- Stephenson, Robert
- [br]b. 16 October 1803 Willington Quay, Northumberland, Englandd. 12 October 1859 London, England[br]English engineer who built the locomotive Rocket and constructed many important early trunk railways.[br]Robert Stephenson's father was George Stephenson, who ensured that his son was educated to obtain the theoretical knowledge he lacked himself. In 1821 Robert Stephenson assisted his father in his survey of the Stockton \& Darlington Railway and in 1822 he assisted William James in the first survey of the Liverpool \& Manchester Railway. He then went to Edinburgh University for six months, and the following year Robert Stephenson \& Co. was named after him as Managing Partner when it was formed by himself, his father and others. The firm was to build stationary engines, locomotives and railway rolling stock; in its early years it also built paper-making machinery and did general engineering.In 1824, however, Robert Stephenson accepted, perhaps in reaction to an excess of parental control, an invitation by a group of London speculators called the Colombian Mining Association to lead an expedition to South America to use steam power to reopen gold and silver mines. He subsequently visited North America before returning to England in 1827 to rejoin his father as an equal and again take charge of Robert Stephenson \& Co. There he set about altering the design of steam locomotives to improve both their riding and their steam-generating capacity. Lancashire Witch, completed in July 1828, was the first locomotive mounted on steel springs and had twin furnace tubes through the boiler to produce a large heating surface. Later that year Robert Stephenson \& Co. supplied the Stockton \& Darlington Railway with a wagon, mounted for the first time on springs and with outside bearings. It was to be the prototype of the standard British railway wagon. Between April and September 1829 Robert Stephenson built, not without difficulty, a multi-tubular boiler, as suggested by Henry Booth to George Stephenson, and incorporated it into the locomotive Rocket which the three men entered in the Liverpool \& Manchester Railway's Rainhill Trials in October. Rocket, was outstandingly successful and demonstrated that the long-distance steam railway was practicable.Robert Stephenson continued to develop the locomotive. Northumbrian, built in 1830, had for the first time, a smokebox at the front of the boiler and also the firebox built integrally with the rear of the boiler. Then in Planet, built later the same year, he adopted a layout for the working parts used earlier by steam road-coach pioneer Goldsworthy Gurney, placing the cylinders, for the first time, in a nearly horizontal position beneath the smokebox, with the connecting rods driving a cranked axle. He had evolved the definitive form for the steam locomotive.Also in 1830, Robert Stephenson surveyed the London \& Birmingham Railway, which was authorized by Act of Parliament in 1833. Stephenson became Engineer for construction of the 112-mile (180 km) railway, probably at that date the greatest task ever undertaken in of civil engineering. In this he was greatly assisted by G.P.Bidder, who as a child prodigy had been known as "The Calculating Boy", and the two men were to be associated in many subsequent projects. On the London \& Birmingham Railway there were long and deep cuttings to be excavated and difficult tunnels to be bored, notoriously at Kilsby. The line was opened in 1838.In 1837 Stephenson provided facilities for W.F. Cooke to make an experimental electrictelegraph installation at London Euston. The directors of the London \& Birmingham Railway company, however, did not accept his recommendation that they should adopt the electric telegraph and it was left to I.K. Brunel to instigate the first permanent installation, alongside the Great Western Railway. After Cooke formed the Electric Telegraph Company, Stephenson became a shareholder and was Chairman during 1857–8.Earlier, in the 1830s, Robert Stephenson assisted his father in advising on railways in Belgium and came to be increasingly in demand as a consultant. In 1840, however, he was almost ruined financially as a result of the collapse of the Stanhope \& Tyne Rail Road; in return for acting as Engineer-in-Chief he had unwisely accepted shares, with unlimited liability, instead of a fee.During the late 1840s Stephenson's greatest achievements were the design and construction of four great bridges, as part of railways for which he was responsible. The High Level Bridge over the Tyne at Newcastle and the Royal Border Bridge over the Tweed at Berwick were the links needed to complete the East Coast Route from London to Scotland. For the Chester \& Holyhead Railway to cross the Menai Strait, a bridge with spans as long-as 460 ft (140 m) was needed: Stephenson designed them as wrought-iron tubes of rectangular cross-section, through which the trains would pass, and eventually joined the spans together into a tube 1,511 ft (460 m) long from shore to shore. Extensive testing was done beforehand by shipbuilder William Fairbairn to prove the method, and as a preliminary it was first used for a 400 ft (122 m) span bridge at Conway.In 1847 Robert Stephenson was elected MP for Whitby, a position he held until his death, and he was one of the exhibition commissioners for the Great Exhibition of 1851. In the early 1850s he was Engineer-in-Chief for the Norwegian Trunk Railway, the first railway in Norway, and he also built the Alexandria \& Cairo Railway, the first railway in Africa. This included two tubular bridges with the railway running on top of the tubes. The railway was extended to Suez in 1858 and for several years provided a link in the route from Britain to India, until superseded by the Suez Canal, which Stephenson had opposed in Parliament. The greatest of all his tubular bridges was the Victoria Bridge across the River St Lawrence at Montreal: after inspecting the site in 1852 he was appointed Engineer-in-Chief for the bridge, which was 1 1/2 miles (2 km) long and was designed in his London offices. Sadly he, like Brunel, died young from self-imposed overwork, before the bridge was completed in 1859.[br]Principal Honours and DistinctionsFRS 1849. President, Institution of Mechanical Engineers 1849. President, Institution of Civil Engineers 1856. Order of St Olaf (Norway). Order of Leopold (Belgium). Like his father, Robert Stephenson refused a knighthood.Further ReadingL.T.C.Rolt, 1960, George and Robert Stephenson, London: Longman (a good modern biography).J.C.Jeaffreson, 1864, The Life of Robert Stephenson, London: Longman (the standard nine-teenth-century biography).M.R.Bailey, 1979, "Robert Stephenson \& Co. 1823–1829", Transactions of the Newcomen Society 50 (provides details of the early products of that company).J.Kieve, 1973, The Electric Telegraph, Newton Abbot: David \& Charles.PJGR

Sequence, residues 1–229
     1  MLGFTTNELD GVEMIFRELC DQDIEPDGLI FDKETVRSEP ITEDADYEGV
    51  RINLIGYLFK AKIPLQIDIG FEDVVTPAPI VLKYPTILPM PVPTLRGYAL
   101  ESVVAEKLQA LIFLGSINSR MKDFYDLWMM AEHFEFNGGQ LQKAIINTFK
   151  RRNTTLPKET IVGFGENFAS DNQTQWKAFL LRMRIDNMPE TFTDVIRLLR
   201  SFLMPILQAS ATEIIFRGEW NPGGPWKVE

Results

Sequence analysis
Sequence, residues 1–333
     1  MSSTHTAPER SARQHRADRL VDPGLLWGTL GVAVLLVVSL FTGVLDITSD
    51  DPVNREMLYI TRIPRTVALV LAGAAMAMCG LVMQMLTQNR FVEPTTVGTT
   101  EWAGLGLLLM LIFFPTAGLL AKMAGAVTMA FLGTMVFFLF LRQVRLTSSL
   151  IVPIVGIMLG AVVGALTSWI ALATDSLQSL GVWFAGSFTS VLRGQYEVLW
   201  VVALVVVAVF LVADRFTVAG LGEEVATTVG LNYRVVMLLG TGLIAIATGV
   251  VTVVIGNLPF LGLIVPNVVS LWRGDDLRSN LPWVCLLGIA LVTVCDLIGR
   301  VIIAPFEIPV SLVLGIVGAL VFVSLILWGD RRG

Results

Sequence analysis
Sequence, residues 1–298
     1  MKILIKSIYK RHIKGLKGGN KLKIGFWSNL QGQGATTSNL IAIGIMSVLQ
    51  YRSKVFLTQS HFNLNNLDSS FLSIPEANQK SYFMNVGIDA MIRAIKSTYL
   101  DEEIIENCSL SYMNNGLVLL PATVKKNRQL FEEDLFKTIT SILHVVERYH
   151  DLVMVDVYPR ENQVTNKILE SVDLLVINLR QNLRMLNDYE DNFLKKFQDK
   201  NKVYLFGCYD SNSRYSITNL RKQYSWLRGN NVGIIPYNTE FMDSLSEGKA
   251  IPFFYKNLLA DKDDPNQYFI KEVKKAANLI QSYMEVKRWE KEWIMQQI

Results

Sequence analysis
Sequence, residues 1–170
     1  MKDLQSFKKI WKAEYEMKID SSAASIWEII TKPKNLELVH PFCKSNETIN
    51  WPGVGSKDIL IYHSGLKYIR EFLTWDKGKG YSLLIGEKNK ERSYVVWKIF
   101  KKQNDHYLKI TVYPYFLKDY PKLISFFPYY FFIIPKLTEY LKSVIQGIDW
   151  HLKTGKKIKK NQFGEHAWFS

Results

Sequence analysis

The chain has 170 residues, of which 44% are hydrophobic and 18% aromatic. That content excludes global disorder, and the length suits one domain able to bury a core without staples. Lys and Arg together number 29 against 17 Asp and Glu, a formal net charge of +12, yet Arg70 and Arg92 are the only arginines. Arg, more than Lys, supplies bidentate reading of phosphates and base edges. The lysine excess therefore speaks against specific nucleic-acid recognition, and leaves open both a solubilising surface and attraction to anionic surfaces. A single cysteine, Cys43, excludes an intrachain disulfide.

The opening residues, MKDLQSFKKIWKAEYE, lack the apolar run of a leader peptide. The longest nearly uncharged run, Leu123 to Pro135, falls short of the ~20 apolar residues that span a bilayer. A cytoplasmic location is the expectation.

Biographical history of technology. - Taylor & Francis e-Librar. Lance Day and Ian McNeil. 2005.